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This past weekend, I had the privilege to be among the ASPCA team assisting New York State Attorney General Eric T. Schneiderman and New York State's Organized Crime Task Force (OCTF) in the execution of the largest cockfighting takedown in New York State history, and among the largest in United States history.
The ASPCA's Field Investigations and Response team is leading the removal of the animals, as well as identifying and documenting forensic evidence. We also established a temporary shelter at an undisclosed location to house and care for the animals.
On Saturday night, I was at the gruesome scene of the raided cockfights in Queens, New York, where we removed 65 birds. The basement was small and dirty, and seemed permanently haunted by the atrocities it had housed for many years. This cockfighting ring had been holding bimonthly events there since May. That same night, another 50 birds were removed from a Brooklyn pet shop.
The massive show of force on display was awe-inspiring. That the state committed such intense resources sends a strong message to the entire bloodsport industry about the appropriate seriousness with which it considers these crimes.
As horrific as these scenes get, it's important for those of us in animal advocacy to see with our own eyes the depth of man's cruelty towards defenseless animals. No one falls into cockfighting or just shows up at a cockfight by chance. Whether you're participating, refereeing, or just watching, it's a malicious, unconscionable, criminal act.
I knew there were only two reasons for cockfighting: sadism and greed. But as I stood in that dank Queens subterranean room, surrounded by a palpable atmosphere of death and suffering, I realized the two are linked at their core. The greed is inherently sadistic; the sadism is fed and magnified by greed.
Owners and spectators placed bets on the outcomes of the fights, with individual wagers reaching $10,000. These fights, which began in the evening and lasted into early morning hours, pitted dozens of roosters against one another in battles to the death. Often in such cases, the roosters are injected or fed drugs to enhance their performance, mutilated without anesthesia, and forced to wear sharp weapons intended to inflict maximum injury in the pit. Injuries we see include punctured lungs, broken bones, and pierced eyes. Win or lose, the inevitable result is agonizing death.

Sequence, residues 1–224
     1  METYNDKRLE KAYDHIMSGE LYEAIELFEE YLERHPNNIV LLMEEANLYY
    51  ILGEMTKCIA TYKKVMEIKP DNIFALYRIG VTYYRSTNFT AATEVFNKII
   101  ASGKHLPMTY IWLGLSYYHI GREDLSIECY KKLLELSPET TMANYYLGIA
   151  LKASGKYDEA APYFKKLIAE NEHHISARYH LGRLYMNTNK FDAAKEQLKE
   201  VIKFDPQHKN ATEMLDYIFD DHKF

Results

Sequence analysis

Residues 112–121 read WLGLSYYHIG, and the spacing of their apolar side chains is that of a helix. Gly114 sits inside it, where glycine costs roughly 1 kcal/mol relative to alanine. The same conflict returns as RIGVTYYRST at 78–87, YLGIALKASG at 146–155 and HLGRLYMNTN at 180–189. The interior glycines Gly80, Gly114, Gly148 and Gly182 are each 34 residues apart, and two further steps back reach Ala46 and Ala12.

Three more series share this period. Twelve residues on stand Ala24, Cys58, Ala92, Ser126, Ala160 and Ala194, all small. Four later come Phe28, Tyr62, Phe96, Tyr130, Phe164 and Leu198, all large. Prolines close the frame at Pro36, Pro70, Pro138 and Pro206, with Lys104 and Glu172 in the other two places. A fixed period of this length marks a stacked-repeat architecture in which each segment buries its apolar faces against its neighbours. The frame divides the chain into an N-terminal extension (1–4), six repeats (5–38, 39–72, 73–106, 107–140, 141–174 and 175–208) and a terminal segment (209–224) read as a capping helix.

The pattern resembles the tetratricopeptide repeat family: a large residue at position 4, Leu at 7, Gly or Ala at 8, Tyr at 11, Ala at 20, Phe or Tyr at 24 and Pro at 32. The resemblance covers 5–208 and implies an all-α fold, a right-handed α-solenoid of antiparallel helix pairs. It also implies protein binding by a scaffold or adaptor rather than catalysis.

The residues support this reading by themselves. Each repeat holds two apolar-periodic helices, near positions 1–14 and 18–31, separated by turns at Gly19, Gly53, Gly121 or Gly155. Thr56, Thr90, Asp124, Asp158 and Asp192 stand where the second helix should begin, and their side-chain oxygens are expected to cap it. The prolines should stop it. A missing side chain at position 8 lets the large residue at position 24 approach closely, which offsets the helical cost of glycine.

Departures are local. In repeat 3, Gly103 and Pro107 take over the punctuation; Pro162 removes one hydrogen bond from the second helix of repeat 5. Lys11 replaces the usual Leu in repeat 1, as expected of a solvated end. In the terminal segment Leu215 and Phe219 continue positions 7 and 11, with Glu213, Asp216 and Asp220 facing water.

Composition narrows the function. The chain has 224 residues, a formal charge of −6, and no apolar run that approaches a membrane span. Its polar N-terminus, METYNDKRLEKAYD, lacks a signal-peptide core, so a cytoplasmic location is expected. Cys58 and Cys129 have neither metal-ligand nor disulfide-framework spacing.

On Sunday morning, OCTF investigators, with the help of the Ulster County Sheriff's Office, State Police and other local law enforcement, raided a 90-acre farm in Plattekill. There, the ASPCA recovered approximately 4,000 more birds, belonging to rooster owners from all over the Northeast, including New York City, Long Island, New Jersey, Pennsylvania, Connecticut and Massachusetts.
These arrests and the enormous number of animal seized should open some eyes to the modern face of this abhorrent crime; it's both more prevalent and more savage than most dare to think.
While there are obvious differences between roosters and more typical companion animals, let there be no mistake in our position, or weakening of our resolve: Cockfighting is a very serious crime, and an example of animal cruelty at its most heinous and deplorable. No animal should be forced to fight for human amusement and profit.
It's encouraging to know that most people agree on this issue, and stand united to ending the brutality, whether it takes place on a rural farm, a city pet shop, a residential basement, or anywhere else.